With his party plummeting in the polls, Moshe Ya’alon announced on Monday that he and his Telem party would not be running in the March elections, saying that Israel must concentrate all its strength on the “battle for change.”
“I believed that by running independently with Telem, we could increase the power of the [political] camp pushing for change,” Ya’alon said in a statement. “This working assumption turned out to be wrong. In the political circumstances that have arisen, the battle for change requires me and Telem not to run in the upcoming elections.”
“Israel must concentrate all its strength on the fight for change: To heal the rifts in society, to thwart the culture of falsehood, to restore integrity to our way of life and to strengthen democracy, which is eroded every day,” Ya’alon said.
Citing his service in the Israel Defense Forces and then as defense minister, Ya’alon said that “the good of the country” has guided every decision in his career.
“The preference for the good of the country precedes any personal benefit, and for this election, too, I came out of the same sense of mission,” he said.
Ya’alon, who has aligned himself with the protest movement against Prime Minister Benjamin Netanyahu, referred to the premier only as the “criminal accused” and asked his followers to remember the nearly 5,000 people in Israel who have died of COVID-19 since the start of the pandemic.
Ya’alon courted the centrist vote despite holding views that are squarely right-wing. A hawk on Iran and staunch supporter of settlements, Ya’alon famously stoked diplomatic tensions with the US in 2014, when he called then-secretary of state John Kerry “messianic and obsessive.”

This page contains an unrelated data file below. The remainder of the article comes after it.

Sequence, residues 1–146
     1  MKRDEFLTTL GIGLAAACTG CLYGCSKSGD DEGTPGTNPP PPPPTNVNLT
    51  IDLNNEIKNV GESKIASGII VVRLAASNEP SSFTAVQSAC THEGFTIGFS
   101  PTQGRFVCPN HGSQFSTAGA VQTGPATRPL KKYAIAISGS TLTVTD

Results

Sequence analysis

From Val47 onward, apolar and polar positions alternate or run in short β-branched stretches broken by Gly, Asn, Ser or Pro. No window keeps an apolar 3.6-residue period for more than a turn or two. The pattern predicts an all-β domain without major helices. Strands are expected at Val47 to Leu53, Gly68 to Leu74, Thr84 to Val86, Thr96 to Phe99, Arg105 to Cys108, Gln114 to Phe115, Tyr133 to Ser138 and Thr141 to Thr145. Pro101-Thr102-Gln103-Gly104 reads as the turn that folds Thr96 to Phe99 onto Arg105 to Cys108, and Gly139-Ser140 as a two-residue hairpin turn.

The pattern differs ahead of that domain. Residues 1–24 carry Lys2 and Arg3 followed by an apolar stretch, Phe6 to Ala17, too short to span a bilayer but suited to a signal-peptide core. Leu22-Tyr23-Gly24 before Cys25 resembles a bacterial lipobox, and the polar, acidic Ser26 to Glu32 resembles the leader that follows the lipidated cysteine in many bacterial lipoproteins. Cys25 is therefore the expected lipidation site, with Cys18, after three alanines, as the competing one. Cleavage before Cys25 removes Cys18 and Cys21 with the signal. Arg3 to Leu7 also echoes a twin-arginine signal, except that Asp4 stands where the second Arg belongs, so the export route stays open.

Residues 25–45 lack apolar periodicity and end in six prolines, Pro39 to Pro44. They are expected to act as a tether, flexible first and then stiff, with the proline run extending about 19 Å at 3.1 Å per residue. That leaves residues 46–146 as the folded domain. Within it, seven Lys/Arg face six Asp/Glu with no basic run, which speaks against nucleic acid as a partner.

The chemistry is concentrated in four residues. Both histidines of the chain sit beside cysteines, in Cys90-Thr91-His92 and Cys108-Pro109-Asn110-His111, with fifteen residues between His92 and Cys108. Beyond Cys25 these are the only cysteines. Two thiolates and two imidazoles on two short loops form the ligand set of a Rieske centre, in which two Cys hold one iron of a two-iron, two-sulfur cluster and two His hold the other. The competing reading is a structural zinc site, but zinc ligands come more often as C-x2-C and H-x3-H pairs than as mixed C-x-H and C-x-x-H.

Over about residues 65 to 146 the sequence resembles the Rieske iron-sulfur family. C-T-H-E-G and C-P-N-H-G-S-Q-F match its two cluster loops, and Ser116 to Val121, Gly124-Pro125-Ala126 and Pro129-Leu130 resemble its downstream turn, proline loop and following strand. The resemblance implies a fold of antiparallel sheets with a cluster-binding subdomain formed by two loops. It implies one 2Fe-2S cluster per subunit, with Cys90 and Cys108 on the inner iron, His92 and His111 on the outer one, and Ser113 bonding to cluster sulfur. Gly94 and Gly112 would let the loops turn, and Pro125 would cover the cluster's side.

A Channel 12 poll released Sunday put Telem as one of the parties that would fail to clear the 3.25 percent electoral threshold, gaining just 0.2% of the vote. The poll also showed The Israelis, Ron Huldai’s party sometimes touted as a possible merger partner for Telem, as failing to make it into the Knesset, getting just 1.2% of the vote.
Ya’alon, a former IDF chief of staff, entered the Knesset with Likud in 2009. He quit Netanyahu’s government in 2016 when Avigdor Liberman was offered the position of defense minister — then held by him — as part of a coalition agreement.
In the previous election, Telem and Yesh Atid ran on a joint slate with Benny Gantz’s Israel Resilience party, an alliance known as Blue and White.
The party broke apart when Gantz decided to enter a coalition with Netanyahu in May 2020, citing the need to prevent a fourth consecutive election by forming a unity government that could tackle the health and economic crises caused by the coronavirus pandemic.
Ya’alon and Lapid insisted that Netanyahu could not be trusted and would always place his personal interests, and his effort to evade prosecution from the criminal indictments he is facing, before the greater good.
Some of Ya’alon’s Telem lawmakers joined Netanyahu’s coalition. MKs Yoaz Hendel and Zvi Hauser have since announced that they will run with Gideon Sa’ar’s New Hope party in the March election.
The March 23 elections will be the fourth round of voting in two years. They were triggered in late December after Netanyahu refused to pass a state budget, enabling him to escape his coalition deal pledge to hand over the premiership to Gantz in November 2021.